Unix timestamps are often represented as either 32-bit or 64-bit integers, depending on the system, making them a compact format ideal for applications that need to store timestamps in a small amount of memory.

This is particularly useful in programming languages such as PHP, Python, and JavaScript. Conversely, ISO time strings, being more human-readable, are advantageous for exchanging date and time information between systems and regions due to their standardized format.

Troubleshooting Conversion Errors

If you encounter an error during conversion, ensure that the Unix timestamp is correctly formatted as a numerical value and falls within a valid range. Errors can occur if the timestamp is too large or small, representing a date outside the valid Unix time range that starts from 1970-01-01.

By understanding and utilizing these different timestamp formats and conversion tools, developers and administrators can better manage and synchronize time-related data across various systems and applications.

Understanding Different Timestamp Formats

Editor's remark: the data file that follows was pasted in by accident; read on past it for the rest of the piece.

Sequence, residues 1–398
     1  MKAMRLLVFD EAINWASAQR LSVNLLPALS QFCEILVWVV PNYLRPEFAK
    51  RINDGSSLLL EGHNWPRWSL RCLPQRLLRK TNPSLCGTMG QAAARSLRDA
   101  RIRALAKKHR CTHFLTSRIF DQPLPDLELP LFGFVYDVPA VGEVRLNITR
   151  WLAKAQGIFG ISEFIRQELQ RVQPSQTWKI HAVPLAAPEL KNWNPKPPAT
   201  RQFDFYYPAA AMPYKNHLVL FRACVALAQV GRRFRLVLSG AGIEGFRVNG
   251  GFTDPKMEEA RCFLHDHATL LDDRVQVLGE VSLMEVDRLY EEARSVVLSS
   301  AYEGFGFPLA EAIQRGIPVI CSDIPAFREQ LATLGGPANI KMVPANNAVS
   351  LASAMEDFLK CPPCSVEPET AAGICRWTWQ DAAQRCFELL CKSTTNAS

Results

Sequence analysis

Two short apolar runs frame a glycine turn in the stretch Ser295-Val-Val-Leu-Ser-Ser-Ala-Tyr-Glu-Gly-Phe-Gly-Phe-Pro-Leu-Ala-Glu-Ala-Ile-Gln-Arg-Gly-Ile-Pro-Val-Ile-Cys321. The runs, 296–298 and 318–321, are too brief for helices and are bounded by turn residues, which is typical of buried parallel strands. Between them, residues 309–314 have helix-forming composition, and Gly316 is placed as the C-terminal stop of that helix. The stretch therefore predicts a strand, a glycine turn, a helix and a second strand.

In addition to Unix timestamps, there are other commonly used timestamp formats, such as epoch time and ISO time strings. Epoch time, also referred to as Unix time or POSIX time, is essentially the same as a Unix timestamp, representing the number of seconds since the Unix epoch.

However, an ISO time string follows the ISO 8601 standard, represented in a human-readable format like "YYYY-MM-DDTHH:MM:SS" and can include time zone information. This standardized format is widely used for exchanging date and time information between different systems and regions due to its international recognition and ease of parsing.

How to Convert Unix Timestamp in each programming languages

Language

Syntax

PHP

date(output format, epoch); Output format example: 'r' = RFC 2822 date

Python

import time; time.strftime("%a, %d %b %Y %H:%M:%S +0000", time.localtime(epoch)) Replace time.localtime with time.gmtime for GMT time. Or using datetime: import datetime; datetime.datetime.utcfromtimestamp(epoch).replace(tzinfo=datetime.timezone.utc)

Ruby

Time.at(epoch)

Java

String date = new java.text.SimpleDateFormat("MM/dd/yyyy HH:mm:ss").format(new java.util.Date (epoch*1000)); Epoch in seconds, remove '*1000' for milliseconds.

Lua

datestring = os.date([format[,epoch]])

VBScript/ASP

DateAdd("s", epoch, "01/01/1970 00:00:00")

AutoIT